We are seeing the language of enforcement and blame being ratcheted up – and just to be clear, I have no problem with those who are wilfully irresponsible suffering legal consequences. But I worry about the impact of fining people for driving five miles to walk at a local reservoir. On the face of it, and there may be additional circumstances which influenced the police, it is not at all clear that any law, or even guidance, was broken in this case. I am sure there will be a review and appropriate steps taken, but it highlights the need to better work with our communities. There have been so many changes in law and guidance over recent months, that it is totally understandable that people are unclear as to what is permitted, what is advised, what is illegal.
In general, we really haven’t done enough to inform, and recruit, the public in the fight against Covid. Some professional bodies, such as the College of Policing, have produced good quality advice for their specific audiences, but we have not got enough accessible information out to our communities. Given the current concerns we are promised some shock and awe, telling people if they don’t comply, they are directly contributing to deaths. This will no doubt ramp up the fear of many, and may encourage those who are already being careful to be even more stringent, but will it engage those who are sceptical? Or who don’t understand the potential benefits of masks, social distancing or staying at home? Will it help win over those desperately trying to keep their lives and families ticking over?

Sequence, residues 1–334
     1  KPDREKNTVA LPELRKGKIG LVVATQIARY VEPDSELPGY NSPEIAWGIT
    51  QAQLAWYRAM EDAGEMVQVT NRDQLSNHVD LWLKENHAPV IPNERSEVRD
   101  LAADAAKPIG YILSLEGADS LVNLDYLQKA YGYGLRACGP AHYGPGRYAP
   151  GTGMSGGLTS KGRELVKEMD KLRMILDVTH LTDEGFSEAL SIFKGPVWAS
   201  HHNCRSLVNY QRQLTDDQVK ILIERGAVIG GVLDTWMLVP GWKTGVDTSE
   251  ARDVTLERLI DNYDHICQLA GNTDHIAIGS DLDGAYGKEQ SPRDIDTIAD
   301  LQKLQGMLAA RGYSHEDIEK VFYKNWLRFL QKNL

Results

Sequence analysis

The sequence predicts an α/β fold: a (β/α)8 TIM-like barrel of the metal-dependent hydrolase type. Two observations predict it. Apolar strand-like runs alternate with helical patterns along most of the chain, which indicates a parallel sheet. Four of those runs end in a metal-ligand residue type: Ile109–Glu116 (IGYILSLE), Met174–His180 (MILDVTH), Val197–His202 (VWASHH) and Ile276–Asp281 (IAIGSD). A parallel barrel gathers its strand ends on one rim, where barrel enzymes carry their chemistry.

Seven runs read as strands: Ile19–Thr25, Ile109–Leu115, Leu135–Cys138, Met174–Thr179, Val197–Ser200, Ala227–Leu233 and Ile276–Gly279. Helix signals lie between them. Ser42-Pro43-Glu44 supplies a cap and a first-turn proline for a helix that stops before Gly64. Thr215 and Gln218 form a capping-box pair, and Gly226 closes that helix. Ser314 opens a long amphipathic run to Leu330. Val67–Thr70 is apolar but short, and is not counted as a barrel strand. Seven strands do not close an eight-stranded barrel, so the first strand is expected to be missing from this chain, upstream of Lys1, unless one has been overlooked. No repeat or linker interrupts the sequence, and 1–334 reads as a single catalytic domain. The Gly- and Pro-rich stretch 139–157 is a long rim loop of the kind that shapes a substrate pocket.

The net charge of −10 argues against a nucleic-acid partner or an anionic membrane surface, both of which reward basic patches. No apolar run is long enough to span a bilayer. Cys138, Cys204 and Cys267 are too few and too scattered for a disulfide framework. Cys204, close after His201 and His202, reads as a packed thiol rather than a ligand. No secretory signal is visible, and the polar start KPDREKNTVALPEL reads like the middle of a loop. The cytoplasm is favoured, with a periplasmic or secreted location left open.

Appealing to the public works best if there is clear information which sets out the issues in context and provides advice that can be followed […] Letting people see and understand what is happening where they live, understanding the controls and restrictions at different levels, in turn supports engagement
What is needed is candour alongside some good, well targeted, materials. The scale of the problem is now being made clear, and it would be helpful to acknowledge that some previous decisions and assumptions have not helped. Appealing to the public (and we are all members of the public) works best if there is clear information which sets out the issues in context and provides advice that can be followed. Data has a key role to play here. Letting people see and understand what is happening where they live, understanding the controls and restrictions at different levels, in turn supports engagement. Finland deserves praise for its public-facing communications. Others could usefully learn from their example.
Treating people as part of the solution is an approach that can pay dividends with issues beyond Covid
Of course, some will say it’s all too late. But I disagree. Helping people relate to the problem and what they can do about it, in terms of their lives and their local community, will boost engagement and compliance in a way fines and policing never can. I can imagine few things that would motivate the British public more than a clear message that says: ‘When we reach this level of infection it will be ok to visit loved ones, when it decreases to X level, schools, shopping centres and pubs can reopen, and when it gets down to this level major sports and music events can resume’. Give people targets they can get behind. Treating people as part of the solution is an approach that can pay dividends with issues beyond Covid.
I want to end by thanking all those who are working on the health front line or who are directly supporting it. We all owe you a huge debt of gratitude. To those in our wider GPHN community, stay safe and take care.